PRITTIE, Henry Sadleir, 2nd Bar. Dunalley [I] (1775-1854), of Kilboy, co. Tipperary
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Family and Educationb. 3 Mar. 1775, 1st s. of Henry, 1st Bar. Dunalley [I], of Kilboy and Catherine, da. and coh. of Francis Sadleir of Sopwell Hall, wid. of John Bury of Shannon Grove, co. Limerick; bro. of Hon. Francis Aldborough Prittie*. educ. Trinity, Dublin 1792. m. (1) 10 July 1802, Maria (d. 15 Oct. 1819), da. of Dominick Trant of Dunkettle, co. Cork, s.p.; (2) 10 Feb. 1826, Hon. Emily Maude, da. of Cornwallis, 1st Visct. Hawarden [I], s.p. suc. fa. as 2nd Bar. Dunalley [I] 3 Jan. 1801. d. 19 Oct. 1854.
MP [I] 1797-1800; trustee, linen board [I] 1828; rep. peer [I] 1828-d.
Dunalley, an Irish peer, came in again for Okehampton in 1820 as the paying guest of Albany Savile*. He was an occasional attender who gave silent support to Lord Liverpool’s ministry, though his younger brother remained, initially at least, in opposition. He voted in defence of ministers’ conduct towards Queen Caroline, 6 Feb. 1821. He may have divided for Catholic relief, 28 Feb.1 He voted with government on the state of the revenue, 6 Mar., and Hume’s economy and retrenchment motion, 27 June. He divided against parliamentary reform, 9 May 1821. His name appears in none of the surviving division lists of the 1822 session, but on 16 May he was added to the select committee on Irish grand jury presentments, in which he took a special interest. Two months later he asked the home secretary Peel whether he should serve on a grand jury at the forthcoming assizes, but was told that the only precedent of an Irish peer with a seat in the Commons doing so was a doubtful one. Nevertheless, it appears that he was appointed, as he caused irritation in Dublin administrative circles by his ‘impudent’ request to be made foreman of the jury.2 He voted against repeal of the Foreign Enlistment Act, 16 Apr., and inquiry into delays in chancery, 5 June, but he went against ministers with the combined majority for inquiry into the prosecution of the Dublin Orange rioters, 22 Apr. 1823. He coveted above all an Irish representative peerage, and on a vacancy in July 1823 he stated his claim to Peel:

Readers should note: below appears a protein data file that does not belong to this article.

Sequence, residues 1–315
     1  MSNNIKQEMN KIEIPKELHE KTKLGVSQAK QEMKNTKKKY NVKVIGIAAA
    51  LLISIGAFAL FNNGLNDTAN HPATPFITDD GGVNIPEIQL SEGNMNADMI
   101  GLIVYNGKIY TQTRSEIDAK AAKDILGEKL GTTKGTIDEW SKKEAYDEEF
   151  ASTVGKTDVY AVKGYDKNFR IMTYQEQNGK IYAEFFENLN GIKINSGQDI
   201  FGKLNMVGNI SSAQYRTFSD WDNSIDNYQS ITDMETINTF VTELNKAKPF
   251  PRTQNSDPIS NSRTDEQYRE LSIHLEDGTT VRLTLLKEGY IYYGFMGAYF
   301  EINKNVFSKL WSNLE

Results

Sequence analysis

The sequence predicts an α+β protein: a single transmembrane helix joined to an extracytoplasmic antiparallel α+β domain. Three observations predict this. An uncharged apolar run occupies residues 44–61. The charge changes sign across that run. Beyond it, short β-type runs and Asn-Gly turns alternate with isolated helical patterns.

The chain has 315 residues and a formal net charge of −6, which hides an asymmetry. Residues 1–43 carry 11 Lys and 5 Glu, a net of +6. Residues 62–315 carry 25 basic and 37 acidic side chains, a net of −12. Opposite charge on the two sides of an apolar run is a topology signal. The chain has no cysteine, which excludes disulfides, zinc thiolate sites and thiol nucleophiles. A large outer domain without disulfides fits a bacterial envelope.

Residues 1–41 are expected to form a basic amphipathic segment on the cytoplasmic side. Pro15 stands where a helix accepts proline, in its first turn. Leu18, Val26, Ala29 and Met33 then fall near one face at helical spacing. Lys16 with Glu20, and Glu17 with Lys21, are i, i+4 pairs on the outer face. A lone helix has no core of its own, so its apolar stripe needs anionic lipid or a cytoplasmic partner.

I have gone considerable lengths and made much personal sacrifice to support the present administration. Out of many obligations by which I think their support is due to me on this occasion I consider it not the least to have sat opposite to my brother now for some years in the House of Commons ... I feel it hard that I have been passed over, probably from not having friends who are connected with government to urge my claims ... I have through life been very little absent from my country residence, and been always zealous to maintain the peace and assist the improvement of my part of Ireland ... Previous to [obtaining] my seat in the Commons I had applied for government support, at which time His Majesty was pleased to express that my return would be agreeable to him if consistent with ministerial views. I then took my seat with an implied feeling as I conceived that I should soon receive the support of government.3
He received no satisfaction on this occasion and vacated his seat in May 1824 for his late wife’s brother. The following year Liverpool recommended him to the lord lieutenant of Ireland as a ‘respectable’ candidate who should be seriously considered for government support on the next vacancy in the representative peerage, his pretensions having been enhanced by the fact that his brother had largely lapsed from active opposition.4 Dunalley achieved his ambition in 1828, to the ‘surprise and mortification’ of his rival in county Tipperary, Lord Glengall.5 He went on to support the Grey ministry’s reform bill. He died in October 1854 and was succeeded by his nephew, Henry Prittie (1807-85).